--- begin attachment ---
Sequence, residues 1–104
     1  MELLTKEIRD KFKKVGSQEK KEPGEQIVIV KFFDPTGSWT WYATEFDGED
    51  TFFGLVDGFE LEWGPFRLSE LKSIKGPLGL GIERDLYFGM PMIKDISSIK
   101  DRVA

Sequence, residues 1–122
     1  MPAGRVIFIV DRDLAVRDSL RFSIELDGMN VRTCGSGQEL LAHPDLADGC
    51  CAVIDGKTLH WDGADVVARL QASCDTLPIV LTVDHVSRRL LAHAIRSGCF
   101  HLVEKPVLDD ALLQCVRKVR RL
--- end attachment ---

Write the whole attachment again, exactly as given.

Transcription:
Sequence, residues 1–104
     1  MELLTKEIRD KFKKVGSQEK KEPGEQIVIV KFFDPTGSWT WYATEFDGED
    51  TFFGLVDGFE LEWGPFRLSE LKSIKGPLGL GIERDLYFGM PMIKDISSIK
   101  DRVA

Sequence, residues 1–122
     1  MPAGRVIFIV DRDLAVRDSL RFSIELDGMN VRTCGSGQEL LAHPDLADGC
    51  CAVIDGKTLH WDGADVVARL QASCDTLPIV LTVDHVSRRL LAHAIRSGCF
   101  HLVEKPVLDD ALLQCVRKVR RL